In the increasingly messy melee of the oncoming BPP elections, with anonymous messages circulating on Whatsapp and the Net, and rivalries at fever pitch, not enough note has been taken of a truly auspicious, momentous and historic occasion – the 250th Salgreh of the Navsari Atash Behram on October 3, 2015!
To our mind, this Atash Behram is perhaps the only edifice we have that comes close to a cathedral – so majestic and resplendent is its makaan that houses the Holy Fire, and so mystical and magical are the images of our revered saints that have appeared on its marbled walls!
The Atash Behram has put out an appeal (carried in our Jame this week on Page 17), which fervently pleads for funds. In our humble opinion, it is the duty of every Parsi to send whatever sum they can afford to. Such occasions come but rarely and if we don’t help maintain our own religious places of worship then who will?
After all, what did we come to India for but to uphold and preserve our religion and race? Generations of our ancestors put the faith first and this is what has sustained the community.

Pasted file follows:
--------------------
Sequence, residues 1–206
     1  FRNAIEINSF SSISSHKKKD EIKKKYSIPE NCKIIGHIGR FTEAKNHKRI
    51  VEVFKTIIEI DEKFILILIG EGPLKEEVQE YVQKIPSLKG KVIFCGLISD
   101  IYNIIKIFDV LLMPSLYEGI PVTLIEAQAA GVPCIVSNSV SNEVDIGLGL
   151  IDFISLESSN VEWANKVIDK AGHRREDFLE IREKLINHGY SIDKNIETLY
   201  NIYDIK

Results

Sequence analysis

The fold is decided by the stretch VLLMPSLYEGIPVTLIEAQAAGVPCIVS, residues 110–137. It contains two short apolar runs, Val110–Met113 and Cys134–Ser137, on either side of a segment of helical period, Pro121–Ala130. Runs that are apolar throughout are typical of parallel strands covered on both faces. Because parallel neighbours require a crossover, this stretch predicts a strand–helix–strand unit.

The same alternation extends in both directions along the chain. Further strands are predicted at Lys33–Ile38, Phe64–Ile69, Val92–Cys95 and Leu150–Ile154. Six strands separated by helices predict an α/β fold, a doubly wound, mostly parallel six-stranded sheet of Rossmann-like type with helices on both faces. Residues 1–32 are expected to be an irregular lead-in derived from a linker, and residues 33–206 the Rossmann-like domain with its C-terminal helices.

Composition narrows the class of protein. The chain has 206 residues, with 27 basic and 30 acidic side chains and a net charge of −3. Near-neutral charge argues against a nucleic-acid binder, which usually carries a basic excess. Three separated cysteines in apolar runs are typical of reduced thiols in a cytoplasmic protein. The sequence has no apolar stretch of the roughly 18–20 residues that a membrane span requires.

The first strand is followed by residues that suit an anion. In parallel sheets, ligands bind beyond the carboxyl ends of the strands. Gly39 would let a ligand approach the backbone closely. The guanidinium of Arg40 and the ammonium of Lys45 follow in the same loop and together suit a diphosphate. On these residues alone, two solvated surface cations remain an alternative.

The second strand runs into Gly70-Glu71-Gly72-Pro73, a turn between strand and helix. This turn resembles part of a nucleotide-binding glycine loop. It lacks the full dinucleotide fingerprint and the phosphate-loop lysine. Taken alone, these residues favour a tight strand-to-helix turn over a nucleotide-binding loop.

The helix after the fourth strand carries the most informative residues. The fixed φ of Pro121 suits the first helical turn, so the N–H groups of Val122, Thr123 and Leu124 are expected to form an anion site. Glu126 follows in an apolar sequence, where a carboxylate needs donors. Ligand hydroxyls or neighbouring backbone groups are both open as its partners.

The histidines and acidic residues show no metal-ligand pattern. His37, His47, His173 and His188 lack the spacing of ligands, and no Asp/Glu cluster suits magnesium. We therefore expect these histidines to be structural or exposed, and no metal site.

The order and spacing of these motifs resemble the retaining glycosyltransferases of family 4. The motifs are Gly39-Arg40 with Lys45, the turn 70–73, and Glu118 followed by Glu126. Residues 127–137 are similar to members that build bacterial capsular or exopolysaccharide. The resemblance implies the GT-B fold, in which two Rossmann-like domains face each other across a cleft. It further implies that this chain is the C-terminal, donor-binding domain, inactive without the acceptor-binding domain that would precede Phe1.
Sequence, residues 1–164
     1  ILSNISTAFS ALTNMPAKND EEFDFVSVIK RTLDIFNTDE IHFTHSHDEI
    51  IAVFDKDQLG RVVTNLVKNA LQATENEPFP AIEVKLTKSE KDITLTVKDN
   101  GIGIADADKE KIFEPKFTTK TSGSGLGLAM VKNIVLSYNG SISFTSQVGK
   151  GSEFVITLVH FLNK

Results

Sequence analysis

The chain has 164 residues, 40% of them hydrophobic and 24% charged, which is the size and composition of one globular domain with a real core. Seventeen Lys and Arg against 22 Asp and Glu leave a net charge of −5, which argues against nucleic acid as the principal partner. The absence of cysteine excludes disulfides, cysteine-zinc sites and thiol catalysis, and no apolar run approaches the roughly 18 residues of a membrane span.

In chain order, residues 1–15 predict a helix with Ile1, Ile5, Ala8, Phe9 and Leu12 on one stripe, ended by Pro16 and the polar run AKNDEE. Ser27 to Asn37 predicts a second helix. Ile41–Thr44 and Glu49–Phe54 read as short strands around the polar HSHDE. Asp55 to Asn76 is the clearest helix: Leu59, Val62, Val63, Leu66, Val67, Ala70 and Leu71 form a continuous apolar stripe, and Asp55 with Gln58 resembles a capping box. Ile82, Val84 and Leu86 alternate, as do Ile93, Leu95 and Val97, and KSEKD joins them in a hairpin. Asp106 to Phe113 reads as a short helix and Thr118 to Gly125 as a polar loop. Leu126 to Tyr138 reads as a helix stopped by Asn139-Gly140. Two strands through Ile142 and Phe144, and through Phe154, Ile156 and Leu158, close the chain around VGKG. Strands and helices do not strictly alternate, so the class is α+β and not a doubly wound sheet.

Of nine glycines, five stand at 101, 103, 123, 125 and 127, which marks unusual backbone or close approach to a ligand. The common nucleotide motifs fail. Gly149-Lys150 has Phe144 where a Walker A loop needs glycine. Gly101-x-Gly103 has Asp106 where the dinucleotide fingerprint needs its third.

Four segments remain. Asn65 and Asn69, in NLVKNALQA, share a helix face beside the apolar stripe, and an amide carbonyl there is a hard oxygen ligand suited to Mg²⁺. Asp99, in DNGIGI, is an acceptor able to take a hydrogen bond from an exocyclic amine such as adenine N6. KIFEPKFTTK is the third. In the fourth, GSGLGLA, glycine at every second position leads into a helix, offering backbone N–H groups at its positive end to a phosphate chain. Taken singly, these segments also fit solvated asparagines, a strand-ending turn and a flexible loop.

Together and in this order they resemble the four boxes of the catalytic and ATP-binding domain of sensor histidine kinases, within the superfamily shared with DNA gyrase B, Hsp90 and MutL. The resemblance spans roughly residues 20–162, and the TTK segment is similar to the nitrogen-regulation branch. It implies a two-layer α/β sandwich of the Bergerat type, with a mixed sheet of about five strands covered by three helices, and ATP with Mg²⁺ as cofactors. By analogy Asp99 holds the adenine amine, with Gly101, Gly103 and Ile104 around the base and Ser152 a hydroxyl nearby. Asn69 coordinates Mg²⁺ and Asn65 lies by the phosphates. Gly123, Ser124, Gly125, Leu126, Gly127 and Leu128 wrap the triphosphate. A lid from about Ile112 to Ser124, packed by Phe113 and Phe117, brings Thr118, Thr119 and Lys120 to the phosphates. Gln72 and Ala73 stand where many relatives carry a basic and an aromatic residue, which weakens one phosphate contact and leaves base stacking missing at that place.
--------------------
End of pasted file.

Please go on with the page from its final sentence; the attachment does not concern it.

The BPP was set up to protect the Doongerwadi lands in perpetuity and ensure that Dokhmenashini is not threatened. Our Agiaries and religious institutions are on covenanted lands meant exclusively for the use of Parsi/Irani Zoroastrians and all this was done by our forefathers to ensure that the faith and community stay secure.
Today, it has become fashionable to shrug off religious responsibility. Many aspiring BPP Trustees are glibly saying religion is a “personal” issue to justify their ‘sitting-on-the-fence’ attitude towards ensuring the sanctity of our time-honoured practices and faith.
Yes, religion is a deeply personal quest– but as co-religionists our responsibility towards both religious observance and adherence is collective.
As the Navsari Atash Behram's Padshah Saheb celebrates 250 years of enthronement and efficacious glory, may the flame of faith be reignited in us – especially those who aspire to lead our flock.